If your business relies on non-compete agreements to help stay competitive then it is critical that those agreements are drafted narrowly enough to be enforceable without giving away a business advantage. Good counsel will give your business a good agreement and at the end of the day that can mean the difference between staying competitive and losing ground.
First, non-competes must be reasonable in both duration and geographical scope. Except in situations involving a sale of a business, non-compete restrictions of more than one year in duration may not be enforced. In some lines of business six months may be more appropriate. Further, it is not unusual to set different durations for different types of restrictive covenants. For example, an agreement may provide that non-compete restrictions continue for six months while the covenant not to solicit customers continues for one year and the covenant not to disclose confidential information continues indefinitely. Reasonableness in duration will be a factually-specific determination driven by the specific needs of your business.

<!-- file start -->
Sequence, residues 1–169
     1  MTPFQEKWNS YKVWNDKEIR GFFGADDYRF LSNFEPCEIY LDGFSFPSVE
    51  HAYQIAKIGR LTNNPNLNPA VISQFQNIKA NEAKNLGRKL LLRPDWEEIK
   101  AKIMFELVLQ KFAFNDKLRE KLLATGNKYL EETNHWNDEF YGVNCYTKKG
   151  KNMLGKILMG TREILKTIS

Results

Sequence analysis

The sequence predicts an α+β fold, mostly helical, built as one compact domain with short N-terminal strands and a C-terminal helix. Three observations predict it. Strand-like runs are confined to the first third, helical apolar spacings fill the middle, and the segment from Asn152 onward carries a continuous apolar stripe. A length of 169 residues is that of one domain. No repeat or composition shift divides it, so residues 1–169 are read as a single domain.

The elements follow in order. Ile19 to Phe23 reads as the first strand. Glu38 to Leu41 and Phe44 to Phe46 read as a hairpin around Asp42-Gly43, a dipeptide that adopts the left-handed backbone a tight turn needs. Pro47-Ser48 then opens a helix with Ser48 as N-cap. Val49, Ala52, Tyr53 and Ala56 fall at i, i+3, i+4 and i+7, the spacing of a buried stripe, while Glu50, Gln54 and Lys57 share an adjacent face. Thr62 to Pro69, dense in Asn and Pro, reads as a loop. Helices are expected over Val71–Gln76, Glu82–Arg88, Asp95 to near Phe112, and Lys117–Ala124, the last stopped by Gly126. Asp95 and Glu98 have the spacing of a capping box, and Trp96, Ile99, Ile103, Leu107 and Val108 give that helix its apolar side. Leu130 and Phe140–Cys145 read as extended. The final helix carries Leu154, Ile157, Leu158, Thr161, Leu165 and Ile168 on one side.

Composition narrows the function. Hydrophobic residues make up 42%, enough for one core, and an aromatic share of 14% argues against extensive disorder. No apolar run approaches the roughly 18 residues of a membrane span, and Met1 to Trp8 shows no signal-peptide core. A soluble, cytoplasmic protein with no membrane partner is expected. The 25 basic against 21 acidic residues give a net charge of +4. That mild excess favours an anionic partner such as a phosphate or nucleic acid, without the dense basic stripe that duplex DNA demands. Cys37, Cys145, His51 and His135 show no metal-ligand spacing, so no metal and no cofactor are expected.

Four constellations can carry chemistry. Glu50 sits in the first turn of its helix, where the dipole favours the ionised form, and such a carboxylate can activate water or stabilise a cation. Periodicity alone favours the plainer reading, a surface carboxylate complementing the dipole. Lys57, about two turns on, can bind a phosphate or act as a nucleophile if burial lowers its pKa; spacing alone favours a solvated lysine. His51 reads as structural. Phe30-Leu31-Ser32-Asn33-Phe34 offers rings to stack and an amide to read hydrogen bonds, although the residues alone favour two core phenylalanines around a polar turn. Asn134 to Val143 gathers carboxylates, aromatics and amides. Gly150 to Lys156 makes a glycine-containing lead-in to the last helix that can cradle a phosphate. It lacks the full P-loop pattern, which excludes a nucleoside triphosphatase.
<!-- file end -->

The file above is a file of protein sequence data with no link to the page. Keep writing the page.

Second, the appropriate geographical scope for a non-compete usually depends on the nature and scope of the employer's business and the protectable interest(s) at stake. Where good will is the only business interest involved and the employee's customer contact is limited to a particular region, the non-compete should be limited to that region. Where confidential business information is the business interest (and a covenant not to disclose may not provide adequate protection), it may be appropriate for the non-compete to have no geographical limitations.
Because the scope and types of restrictive covenants that are appropriate typically vary from position to position, it is often not possible to have a one-size-fits-all agreement for all employees to sign. Moreover, courts may be more inclined to enforce a non-compete that is specific to a particular employee, as opposed to a fill-in-the blank agreement.